In modern taxation systems, taxes are levied in money but in-kind taxation are characteristics of traditional or pre-capitalist states and their functional equipments when taxes are not fully paid, civil penalties (such as incarceration) may be imposed on the non-paying entity or individual (Hill 2004:4). In view of Adeleke Salami (2011), taxation is one of the most important and easy sources of revenue to any government, as government possess inherent power to impose taxes and levies.
Funds provided by taxation have been used by states and their function equivalents throughout history to carryout many functions. Some of these include expenditures on war, the enforcement of contrasts etc Public works, social engineering and the operation of government itself. Government also uses taxes to fund welfare, and public services. These services can include education system, health care systems, and pensions for the elderly, unemployment benefit and public transportation. Energy, water and waste management systems are also common public utilities. In the words of Sanni O. (2010), some state governments, like Lagos state not only faulted the new policy on taxation, on the ground that all state houses of Assembly powers will be usurped from legislating on tax matters but also raise objection to why federal government is given the responsibility to charge fees like PIT and land use tax.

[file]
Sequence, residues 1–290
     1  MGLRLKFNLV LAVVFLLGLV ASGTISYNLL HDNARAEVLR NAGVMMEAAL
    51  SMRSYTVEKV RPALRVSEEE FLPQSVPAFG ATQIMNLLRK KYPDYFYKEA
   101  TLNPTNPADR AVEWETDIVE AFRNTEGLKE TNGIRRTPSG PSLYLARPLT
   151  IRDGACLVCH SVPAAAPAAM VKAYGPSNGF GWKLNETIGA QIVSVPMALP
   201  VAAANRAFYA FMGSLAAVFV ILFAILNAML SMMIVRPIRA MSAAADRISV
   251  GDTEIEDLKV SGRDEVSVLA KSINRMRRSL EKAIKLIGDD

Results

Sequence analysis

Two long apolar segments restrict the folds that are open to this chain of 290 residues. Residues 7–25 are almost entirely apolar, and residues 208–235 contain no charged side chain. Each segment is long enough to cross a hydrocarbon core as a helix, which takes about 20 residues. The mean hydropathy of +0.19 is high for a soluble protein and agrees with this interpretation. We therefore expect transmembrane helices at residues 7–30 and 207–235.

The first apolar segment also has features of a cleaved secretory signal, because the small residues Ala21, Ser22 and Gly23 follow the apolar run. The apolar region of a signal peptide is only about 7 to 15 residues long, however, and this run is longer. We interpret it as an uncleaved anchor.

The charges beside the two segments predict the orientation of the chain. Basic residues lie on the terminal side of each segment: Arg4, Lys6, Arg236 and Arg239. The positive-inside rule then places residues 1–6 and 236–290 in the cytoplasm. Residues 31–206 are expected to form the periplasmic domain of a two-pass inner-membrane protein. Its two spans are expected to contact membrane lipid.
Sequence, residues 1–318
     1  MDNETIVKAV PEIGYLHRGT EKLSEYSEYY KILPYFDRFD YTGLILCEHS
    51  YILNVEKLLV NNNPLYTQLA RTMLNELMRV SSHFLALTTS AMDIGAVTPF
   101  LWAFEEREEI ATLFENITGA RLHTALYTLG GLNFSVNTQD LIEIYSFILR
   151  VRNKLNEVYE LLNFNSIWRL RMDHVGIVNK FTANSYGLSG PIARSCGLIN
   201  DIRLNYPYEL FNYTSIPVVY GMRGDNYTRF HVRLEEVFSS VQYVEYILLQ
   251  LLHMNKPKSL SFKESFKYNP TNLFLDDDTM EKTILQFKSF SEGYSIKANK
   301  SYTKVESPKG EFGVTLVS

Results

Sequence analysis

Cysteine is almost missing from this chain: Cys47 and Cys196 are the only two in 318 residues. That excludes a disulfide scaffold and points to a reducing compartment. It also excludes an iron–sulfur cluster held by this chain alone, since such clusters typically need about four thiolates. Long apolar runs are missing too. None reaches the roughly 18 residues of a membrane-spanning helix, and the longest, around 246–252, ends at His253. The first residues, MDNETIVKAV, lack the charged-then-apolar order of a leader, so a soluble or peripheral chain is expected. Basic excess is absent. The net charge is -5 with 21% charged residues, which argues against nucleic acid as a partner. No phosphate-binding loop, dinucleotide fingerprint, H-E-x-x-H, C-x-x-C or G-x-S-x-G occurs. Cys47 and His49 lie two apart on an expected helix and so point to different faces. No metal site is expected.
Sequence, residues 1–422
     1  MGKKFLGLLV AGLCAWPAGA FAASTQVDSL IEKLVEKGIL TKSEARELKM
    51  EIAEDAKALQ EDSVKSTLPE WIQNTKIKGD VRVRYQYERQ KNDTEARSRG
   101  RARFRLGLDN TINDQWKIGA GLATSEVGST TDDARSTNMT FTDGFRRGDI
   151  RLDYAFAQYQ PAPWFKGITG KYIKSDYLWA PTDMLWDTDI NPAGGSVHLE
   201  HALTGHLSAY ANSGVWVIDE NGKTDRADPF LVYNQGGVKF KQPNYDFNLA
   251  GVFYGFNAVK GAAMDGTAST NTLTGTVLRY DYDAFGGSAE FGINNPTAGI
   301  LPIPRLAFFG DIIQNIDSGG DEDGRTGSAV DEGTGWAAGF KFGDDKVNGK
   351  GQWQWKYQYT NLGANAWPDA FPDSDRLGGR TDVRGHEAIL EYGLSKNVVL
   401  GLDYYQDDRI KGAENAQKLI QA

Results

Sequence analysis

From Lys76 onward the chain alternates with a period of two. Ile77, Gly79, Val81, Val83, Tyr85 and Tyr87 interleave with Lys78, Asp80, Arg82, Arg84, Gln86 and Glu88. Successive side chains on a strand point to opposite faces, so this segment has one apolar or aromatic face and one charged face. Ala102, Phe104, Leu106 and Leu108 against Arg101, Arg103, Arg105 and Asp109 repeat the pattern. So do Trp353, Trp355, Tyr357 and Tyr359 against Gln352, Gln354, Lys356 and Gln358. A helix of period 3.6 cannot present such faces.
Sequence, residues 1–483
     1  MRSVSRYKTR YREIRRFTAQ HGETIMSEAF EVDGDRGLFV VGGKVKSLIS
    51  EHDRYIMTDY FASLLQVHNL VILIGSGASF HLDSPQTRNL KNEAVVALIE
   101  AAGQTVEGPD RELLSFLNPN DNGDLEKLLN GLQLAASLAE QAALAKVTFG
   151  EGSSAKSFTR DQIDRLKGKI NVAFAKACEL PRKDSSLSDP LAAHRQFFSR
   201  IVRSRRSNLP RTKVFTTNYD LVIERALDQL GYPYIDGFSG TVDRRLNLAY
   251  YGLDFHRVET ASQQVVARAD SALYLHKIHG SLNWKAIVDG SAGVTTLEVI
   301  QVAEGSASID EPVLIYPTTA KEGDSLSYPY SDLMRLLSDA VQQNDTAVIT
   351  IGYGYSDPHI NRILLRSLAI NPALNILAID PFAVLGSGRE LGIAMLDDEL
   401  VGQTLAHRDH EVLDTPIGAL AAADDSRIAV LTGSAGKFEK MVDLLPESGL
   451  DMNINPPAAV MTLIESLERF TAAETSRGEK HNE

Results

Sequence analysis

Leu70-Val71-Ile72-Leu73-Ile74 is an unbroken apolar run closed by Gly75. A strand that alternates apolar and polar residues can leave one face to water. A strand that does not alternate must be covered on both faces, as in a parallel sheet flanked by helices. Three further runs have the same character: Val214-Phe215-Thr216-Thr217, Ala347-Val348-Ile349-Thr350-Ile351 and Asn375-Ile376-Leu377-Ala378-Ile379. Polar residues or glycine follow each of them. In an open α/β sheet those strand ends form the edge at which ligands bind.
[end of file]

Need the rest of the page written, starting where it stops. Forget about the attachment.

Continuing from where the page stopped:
In addition, taxes are inculcated to fund foreign and military aid, to influence the macro-economic performance of the economy (the government strategy for doing this, is called its fiscal policy). Or to modify patterns of consumption or employment within an economy, by making some classes or transfer more or less attractive. In his contribution, Snattman (2003:20) had noted that: Taxation has four main purposes or effects namely, Revenue, Redistribution, Reprising and Representation.